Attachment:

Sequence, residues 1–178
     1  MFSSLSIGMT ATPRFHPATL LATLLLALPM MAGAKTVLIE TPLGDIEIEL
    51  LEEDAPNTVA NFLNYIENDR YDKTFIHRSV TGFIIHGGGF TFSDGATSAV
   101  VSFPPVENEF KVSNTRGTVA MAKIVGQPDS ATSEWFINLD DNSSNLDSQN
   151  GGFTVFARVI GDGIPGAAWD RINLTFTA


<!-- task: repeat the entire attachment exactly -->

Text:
Sequence, residues 1–178
     1  MFSSLSIGMT ATPRFHPATL LATLLLALPM MAGAKTVLIE TPLGDIEIEL
    51  LEEDAPNTVA NFLNYIENDR YDKTFIHRSV TGFIIHGGGF TFSDGATSAV
   101  VSFPPVENEF KVSNTRGTVA MAKIVGQPDS ATSEWFINLD DNSSNLDSQN
   151  GGFTVFARVI GDGIPGAAWD RINLTFTA